Sunday, September 9, 2012

Forest Pond Again?

Well, Wednesday was going to be a non-birding day for me. After all, I had been out four days in a row. There comes a time when I must finish up some work in the yard. All that changed when I got a call from Catherine Barrett telling me there had just been a Hudsonian Godwit spotted at Forest Pond, but it had flown off.  What could I do? I searched for this species all last year and was unable to see one. I had to go. Before I could get ready and get out the door, Catherine called again.  On her way to work, she spotted this Whimbrel feeding in a ball field in the middle of town.  That was a first!
Making a quick detour through town, I was able to see the Whimbrel. It is amazing that she spotted it. It was clearly a small speck in a large field.  When I arrived, it was in the field some distance away. I took a couple of pictures from the car, because I didn't want to flush the bird. I was thinking other birders would like to enjoy the sight.

I didn't stay too long, because I thought I might have to hunt for the Hudsonian Godwit. I headed straight for Forest Pond.  When I arrived, Alison Mews and Ed Hayden were just unloading Ed's scope to set up for a look at the Pectoral Sandpipers. They hadn't seen the post on the web site and were delighted with the thought of seeing a Hudsonian Godwit, too.
We were not disappointed. There is was, large as life, calmly  preening and feeding. The H. Godwit breeds in northern Canada and Alaska and migrates to South America by way of the Atlantic coast. This usually means several of them end up in Newfoundland for a short while before moving onward toward their destination. This is not a bird I get to see often. Two years ago one stopped off and fed in one of the fields in Goulds for a week or so, but I was unable to get close enough to really appreciate the beauty of the bird.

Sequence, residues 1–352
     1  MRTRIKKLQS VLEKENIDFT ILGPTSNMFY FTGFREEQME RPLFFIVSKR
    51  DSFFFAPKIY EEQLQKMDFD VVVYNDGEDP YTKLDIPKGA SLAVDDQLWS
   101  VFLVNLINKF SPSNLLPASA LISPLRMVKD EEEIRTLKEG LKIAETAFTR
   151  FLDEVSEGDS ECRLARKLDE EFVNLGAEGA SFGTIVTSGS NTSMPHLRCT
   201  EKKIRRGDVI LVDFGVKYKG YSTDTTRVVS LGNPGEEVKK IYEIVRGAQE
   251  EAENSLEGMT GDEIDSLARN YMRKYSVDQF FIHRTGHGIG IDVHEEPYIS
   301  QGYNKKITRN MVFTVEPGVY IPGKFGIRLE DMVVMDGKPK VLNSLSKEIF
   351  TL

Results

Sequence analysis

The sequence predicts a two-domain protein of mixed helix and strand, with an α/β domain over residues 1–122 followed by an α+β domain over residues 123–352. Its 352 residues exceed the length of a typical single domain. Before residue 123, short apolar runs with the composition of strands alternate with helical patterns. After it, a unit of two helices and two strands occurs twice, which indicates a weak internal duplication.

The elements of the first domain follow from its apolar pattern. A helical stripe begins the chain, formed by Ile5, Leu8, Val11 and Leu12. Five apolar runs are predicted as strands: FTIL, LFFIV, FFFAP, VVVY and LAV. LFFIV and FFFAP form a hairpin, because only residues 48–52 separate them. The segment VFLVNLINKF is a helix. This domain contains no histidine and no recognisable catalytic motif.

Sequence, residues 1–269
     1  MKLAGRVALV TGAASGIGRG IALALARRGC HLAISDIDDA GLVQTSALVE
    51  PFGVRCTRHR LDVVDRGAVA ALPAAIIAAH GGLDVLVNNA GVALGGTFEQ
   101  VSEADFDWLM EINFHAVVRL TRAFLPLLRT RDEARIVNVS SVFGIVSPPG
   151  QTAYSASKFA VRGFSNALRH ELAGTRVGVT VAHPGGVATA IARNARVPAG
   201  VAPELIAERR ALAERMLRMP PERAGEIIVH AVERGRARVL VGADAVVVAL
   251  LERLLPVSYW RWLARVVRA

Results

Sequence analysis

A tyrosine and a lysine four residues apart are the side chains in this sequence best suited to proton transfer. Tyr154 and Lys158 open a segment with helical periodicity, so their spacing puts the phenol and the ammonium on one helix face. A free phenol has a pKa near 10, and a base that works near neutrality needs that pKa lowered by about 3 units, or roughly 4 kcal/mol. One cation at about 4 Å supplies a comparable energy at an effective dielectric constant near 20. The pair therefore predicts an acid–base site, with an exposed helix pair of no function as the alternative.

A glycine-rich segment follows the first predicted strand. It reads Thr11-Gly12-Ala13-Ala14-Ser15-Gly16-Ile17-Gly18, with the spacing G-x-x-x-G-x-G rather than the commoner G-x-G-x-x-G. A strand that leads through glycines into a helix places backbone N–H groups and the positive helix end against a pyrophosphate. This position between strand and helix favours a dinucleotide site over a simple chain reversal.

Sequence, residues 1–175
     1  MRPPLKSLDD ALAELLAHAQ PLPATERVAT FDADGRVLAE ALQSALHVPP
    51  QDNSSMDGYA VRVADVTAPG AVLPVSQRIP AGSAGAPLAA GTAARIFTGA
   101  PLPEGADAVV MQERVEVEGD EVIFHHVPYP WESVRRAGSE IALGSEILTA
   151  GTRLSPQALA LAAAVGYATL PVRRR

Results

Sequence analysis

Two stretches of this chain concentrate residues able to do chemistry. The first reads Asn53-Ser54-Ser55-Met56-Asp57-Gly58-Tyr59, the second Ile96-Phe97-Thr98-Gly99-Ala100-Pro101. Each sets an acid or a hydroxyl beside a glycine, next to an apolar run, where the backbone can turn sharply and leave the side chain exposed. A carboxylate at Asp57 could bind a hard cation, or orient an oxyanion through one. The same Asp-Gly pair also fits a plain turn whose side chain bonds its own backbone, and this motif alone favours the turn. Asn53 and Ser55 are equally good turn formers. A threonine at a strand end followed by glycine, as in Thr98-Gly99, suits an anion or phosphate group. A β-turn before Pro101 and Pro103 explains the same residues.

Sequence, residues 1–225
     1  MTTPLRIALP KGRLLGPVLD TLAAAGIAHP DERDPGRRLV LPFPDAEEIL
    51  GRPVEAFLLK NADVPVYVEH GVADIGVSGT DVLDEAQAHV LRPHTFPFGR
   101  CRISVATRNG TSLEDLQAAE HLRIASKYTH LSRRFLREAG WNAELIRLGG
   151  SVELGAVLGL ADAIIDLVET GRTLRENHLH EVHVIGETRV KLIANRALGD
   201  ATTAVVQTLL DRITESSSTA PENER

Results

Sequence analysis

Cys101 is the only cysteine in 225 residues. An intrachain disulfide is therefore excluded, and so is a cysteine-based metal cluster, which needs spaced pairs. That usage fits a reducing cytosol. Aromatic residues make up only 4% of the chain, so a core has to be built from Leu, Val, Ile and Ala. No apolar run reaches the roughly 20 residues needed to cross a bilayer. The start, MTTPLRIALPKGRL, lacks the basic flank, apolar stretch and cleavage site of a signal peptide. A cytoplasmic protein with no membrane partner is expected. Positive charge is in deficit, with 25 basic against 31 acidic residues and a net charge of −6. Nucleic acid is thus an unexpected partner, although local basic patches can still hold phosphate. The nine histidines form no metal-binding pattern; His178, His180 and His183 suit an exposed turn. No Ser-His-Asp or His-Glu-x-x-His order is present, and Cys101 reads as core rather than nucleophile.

This viewing was a close encounter, for sure.  The Godwit is a beautiful bird and clearly is clearly identifiable by the long up-turned, pink bill with a black tip.
The feathers on this bird are so fine that it actually looks air-brushed. Its pale buff brown and gray winter molt has a slight pinkish hue, especially when seen next to the dark brown Pectoral Sandpipers. Its legs are blue-gray in color.
On the following day, I went, once again, to Forest Pond where overcast skies shed a different light on this bird. It appeared rested, eating well and comfortable with on-lookers standing quietly at a safe distance. I stayed quite a while looking and admiring, because it could be a long time again before I get a chance to see one of these.
 Quiet observation often times provides an opportunity to see nature at its best.  The Hudsonian Godwit, who actually is quite clumsy when moving around in the water, attempted to move past the Pectoral Sandpipers. This little Pec stood up as tall as he could and attempted to cut the Godwit off at the pass. Unfazed, the Godwit went right on about his business. This was an unexpected, amazing opportunity to study the Godwit and other shorebirds gathered in a small area.

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